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May 15, 1975 - Van Gogh watercolour Breton Women (after Emile Bernard) also known as Les bretonnes et le pardon de pont Aven was stolen for a second time along with 37 other Impressionist and Post Impressionist works of art from the Galleria d'Arte Moderna in Milan, Italy. This follow-up theft included many of same artworks previously taken during the February 17, 1975 theft. The Van Gogh was recovered on November 2, 1975 in what was then West Germany along with ten other stolen artworks taken during the second the Galleria d'Arte Moderna theft. See the individual theft post here.


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June 4, 1977 - Poppy Flowers (also known as Vase And Flowers and Vase with Viscaria) 1887 was stolen from Cairo's Mohamed Mahmoud Khalil Museum and later recovered only to then be stolen again in 2010. 

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May 20, 1988 - Three paintings Vase with Carnations (1886) by Vincent Van Gogh, La maison du maître Adam Billaud à Nevers (The House of Master Adam Billaud at Nevers) painted in 1874 by Johan Barthold Jongkind and Bouteilles et pêches (Bottles and peaches) painted in 1890 by Paul Cézanne were stolen from the Stedelijk Museum, next door to the Van Gogh Museum on the Museumplein in Amsterdam.  All three works of art were recovered undamaged.  See the individual theft post here.

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December 12, 1988 -  Three Van Goghs worth an estimated €113 million euros were stolen from the The Kröller-Müller Museum in Otterlo about 60 miles east of Amsterdam. The stolen works of art included the second of three painted sketches titled De aardappeleters, (the potato eaters) completed in 1885, as well as two other works Four Cut Sunflowers, (also known as Overblown Sunflowers from August-September), 1887 and Loom with Weaver,1884.  All three paintings were recovered but had sustained damages.  See the individual theft post here.

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June 28, 1990 - Three early Van Gogh paintings, Digging farmer, 1885-87, Brabant Peasant, seated, 1884-1885, and Wheels of the Water Mill in Gennep were stolen from the Het Noordbrabants Museum in Den Bosch, Netherlands. The Digging Farmer was found in 1991 in a bank safe in Belgium. The other two paintings were returned in 1994 via negotiations with a tertiary party.  See the individual theft post here.

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April 14, 1991 - 20 paintings by Vincent van Gogh were stolen from the Vincent Van Gogh Museum in Amsterdam. All 20 paintings were recovered within 24 hours. Three of the 20 paintings were severely damaged. Four perpetrators, including one museum guard and a former employee of the museum's security firm were arrested in July 1991.  See the entire list of artworks and the individual theft post here.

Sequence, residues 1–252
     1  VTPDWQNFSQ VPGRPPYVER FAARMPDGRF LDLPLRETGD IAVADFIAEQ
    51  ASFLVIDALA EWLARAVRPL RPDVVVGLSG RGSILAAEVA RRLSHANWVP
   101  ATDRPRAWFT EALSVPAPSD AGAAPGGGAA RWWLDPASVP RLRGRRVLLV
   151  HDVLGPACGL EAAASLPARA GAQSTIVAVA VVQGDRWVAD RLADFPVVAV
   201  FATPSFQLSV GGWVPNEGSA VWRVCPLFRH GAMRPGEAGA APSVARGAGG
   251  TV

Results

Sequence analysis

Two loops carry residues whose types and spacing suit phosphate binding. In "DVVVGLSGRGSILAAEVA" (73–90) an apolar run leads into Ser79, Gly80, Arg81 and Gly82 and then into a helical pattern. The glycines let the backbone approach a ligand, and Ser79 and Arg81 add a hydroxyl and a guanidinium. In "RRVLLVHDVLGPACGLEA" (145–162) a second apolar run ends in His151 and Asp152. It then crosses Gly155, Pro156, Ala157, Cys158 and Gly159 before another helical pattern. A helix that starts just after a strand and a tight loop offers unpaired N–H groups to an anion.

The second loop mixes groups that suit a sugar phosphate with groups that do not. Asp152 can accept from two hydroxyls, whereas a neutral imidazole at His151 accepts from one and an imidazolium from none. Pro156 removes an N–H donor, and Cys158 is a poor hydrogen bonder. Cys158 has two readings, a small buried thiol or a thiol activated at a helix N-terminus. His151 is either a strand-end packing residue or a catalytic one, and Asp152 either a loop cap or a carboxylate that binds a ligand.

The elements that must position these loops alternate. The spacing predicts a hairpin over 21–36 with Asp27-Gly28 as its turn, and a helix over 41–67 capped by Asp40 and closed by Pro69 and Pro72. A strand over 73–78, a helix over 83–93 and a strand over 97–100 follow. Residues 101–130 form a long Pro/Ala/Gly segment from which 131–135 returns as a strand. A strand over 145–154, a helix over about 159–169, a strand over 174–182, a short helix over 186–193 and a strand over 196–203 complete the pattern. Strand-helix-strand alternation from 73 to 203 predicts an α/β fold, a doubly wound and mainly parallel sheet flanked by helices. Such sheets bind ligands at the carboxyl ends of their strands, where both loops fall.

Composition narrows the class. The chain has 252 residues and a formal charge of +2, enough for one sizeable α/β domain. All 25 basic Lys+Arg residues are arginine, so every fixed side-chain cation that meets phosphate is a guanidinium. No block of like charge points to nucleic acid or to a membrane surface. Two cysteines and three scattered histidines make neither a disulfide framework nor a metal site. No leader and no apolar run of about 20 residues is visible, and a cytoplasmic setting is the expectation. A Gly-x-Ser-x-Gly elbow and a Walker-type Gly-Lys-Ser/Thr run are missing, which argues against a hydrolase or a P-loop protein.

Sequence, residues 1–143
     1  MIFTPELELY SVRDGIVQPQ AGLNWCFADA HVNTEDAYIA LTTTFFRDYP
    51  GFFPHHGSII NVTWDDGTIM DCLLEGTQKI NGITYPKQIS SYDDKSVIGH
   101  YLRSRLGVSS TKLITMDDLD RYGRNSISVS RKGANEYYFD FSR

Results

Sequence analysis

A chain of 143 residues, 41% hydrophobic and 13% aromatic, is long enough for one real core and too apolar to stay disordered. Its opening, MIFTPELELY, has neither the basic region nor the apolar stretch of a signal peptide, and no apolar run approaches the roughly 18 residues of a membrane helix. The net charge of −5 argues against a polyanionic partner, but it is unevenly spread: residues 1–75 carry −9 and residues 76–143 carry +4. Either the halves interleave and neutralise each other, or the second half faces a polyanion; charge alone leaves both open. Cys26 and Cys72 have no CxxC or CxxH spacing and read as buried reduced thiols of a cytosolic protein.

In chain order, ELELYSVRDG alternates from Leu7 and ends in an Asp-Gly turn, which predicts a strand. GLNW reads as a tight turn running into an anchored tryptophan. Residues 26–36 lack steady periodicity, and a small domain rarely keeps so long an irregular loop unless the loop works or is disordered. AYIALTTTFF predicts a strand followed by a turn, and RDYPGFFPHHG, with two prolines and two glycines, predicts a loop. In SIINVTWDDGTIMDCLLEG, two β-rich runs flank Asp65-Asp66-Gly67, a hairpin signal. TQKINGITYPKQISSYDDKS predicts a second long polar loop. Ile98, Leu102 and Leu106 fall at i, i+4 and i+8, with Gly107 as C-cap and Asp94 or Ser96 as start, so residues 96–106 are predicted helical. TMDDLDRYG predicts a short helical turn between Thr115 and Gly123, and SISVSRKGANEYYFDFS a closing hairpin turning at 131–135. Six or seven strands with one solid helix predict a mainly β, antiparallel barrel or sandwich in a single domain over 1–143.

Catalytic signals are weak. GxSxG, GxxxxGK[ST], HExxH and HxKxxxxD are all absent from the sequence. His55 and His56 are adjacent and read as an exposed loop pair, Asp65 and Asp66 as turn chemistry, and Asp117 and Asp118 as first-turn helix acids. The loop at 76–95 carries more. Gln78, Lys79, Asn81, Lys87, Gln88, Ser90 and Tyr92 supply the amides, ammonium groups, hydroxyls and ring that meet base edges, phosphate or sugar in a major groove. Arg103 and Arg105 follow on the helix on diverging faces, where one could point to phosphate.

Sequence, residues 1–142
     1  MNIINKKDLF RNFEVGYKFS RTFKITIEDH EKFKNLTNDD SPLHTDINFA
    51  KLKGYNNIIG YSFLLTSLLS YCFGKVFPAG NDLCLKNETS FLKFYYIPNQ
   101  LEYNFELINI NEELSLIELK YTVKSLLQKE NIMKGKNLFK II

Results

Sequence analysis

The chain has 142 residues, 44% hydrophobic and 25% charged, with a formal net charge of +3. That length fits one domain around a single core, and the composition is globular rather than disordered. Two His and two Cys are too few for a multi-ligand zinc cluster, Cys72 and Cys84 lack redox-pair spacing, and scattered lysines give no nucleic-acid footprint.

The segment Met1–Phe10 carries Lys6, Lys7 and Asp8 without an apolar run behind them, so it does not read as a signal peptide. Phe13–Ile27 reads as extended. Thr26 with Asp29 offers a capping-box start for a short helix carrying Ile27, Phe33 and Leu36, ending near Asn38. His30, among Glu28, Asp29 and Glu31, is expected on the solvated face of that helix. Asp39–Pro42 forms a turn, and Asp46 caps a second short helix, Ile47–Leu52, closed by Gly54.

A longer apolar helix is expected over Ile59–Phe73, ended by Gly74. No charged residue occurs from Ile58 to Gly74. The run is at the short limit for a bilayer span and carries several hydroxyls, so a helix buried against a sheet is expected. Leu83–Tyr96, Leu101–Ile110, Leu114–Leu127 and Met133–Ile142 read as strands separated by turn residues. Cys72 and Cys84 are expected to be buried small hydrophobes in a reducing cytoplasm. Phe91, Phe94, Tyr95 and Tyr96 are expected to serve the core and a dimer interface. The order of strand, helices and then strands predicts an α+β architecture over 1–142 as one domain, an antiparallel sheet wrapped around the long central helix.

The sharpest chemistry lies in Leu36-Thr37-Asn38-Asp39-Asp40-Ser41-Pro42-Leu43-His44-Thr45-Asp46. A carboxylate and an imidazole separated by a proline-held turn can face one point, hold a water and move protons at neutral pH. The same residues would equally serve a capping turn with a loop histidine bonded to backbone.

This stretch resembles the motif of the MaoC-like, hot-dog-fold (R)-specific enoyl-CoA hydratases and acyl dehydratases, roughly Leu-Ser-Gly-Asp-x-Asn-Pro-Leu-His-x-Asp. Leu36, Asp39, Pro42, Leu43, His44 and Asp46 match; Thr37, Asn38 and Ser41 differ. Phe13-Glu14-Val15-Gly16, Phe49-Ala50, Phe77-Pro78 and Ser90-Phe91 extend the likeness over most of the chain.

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May 19, 1998  -  The prestigious Galleria Nazionale d'Arte Moderna in Rome was robbed by three armed with guns shortly before closing time. The criminals stole two paintings by Vincent Van Gogh's L'Arlésienne, 1889 and Le Jardinier, October 1889 and Paul Cézanne's Cabanon de Jourdan, 1906.  On July 5, 1998 eight suspects were arrested and all three paintings were recovered.   See the individual theft post here.

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May 13-15, 1999 - the Vincent van Gogh painting, The Willow, was stolen from the headquarters of F. van Lanschot Bankiers NV in Den Bosch. The painting was recovered in 2006 following an undercover sting operation where two suspects were arrested. See the individual theft post here.

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December 7, 2002 - Two thieves using a ladder break in to the Van Gogh Museum making off with two paintings, View of the Sea at Scheveningen (1882) and Congregation Leaving the Reformed Church in Nuenen (1884). Following an intensive international investigation, two Dutchmen, Octave Durham, A.K.A. "The Monkey" and Henk Bieslijn were arrested in 2004 for their respective roles in the burglary. Durham received a prison sentence of 4.5 years. Henk Bieslijn was sentenced to 4 years incarceration. Each of the culprits were ordered to pay the Van Gogh Museum €350,000 in damages and both denied responsibility.  The paintings remianed lost for 14 years only to resurface in late September 2016 in the Castellammare di Stabia area in the Bay of Naples. During a blitz by Italian law enforcement on members of an illicit cocaine trafficking ring operated by  a splinter group of the Naples Camorra, the paintings were recovered.  See individual theft post here. 

April 26, 2003 - Three paintings including Van Gogh's The Fortification of Paris with Houses, Picasso's Poverty and Gauguin's Tahitian Landscape were taken from The Whitworth Art Gallery at The University of Manchester. The works of art were found the next day crammed into a tube behind a public toilet in Manchester's Whitworth Park. See the individual theft post here.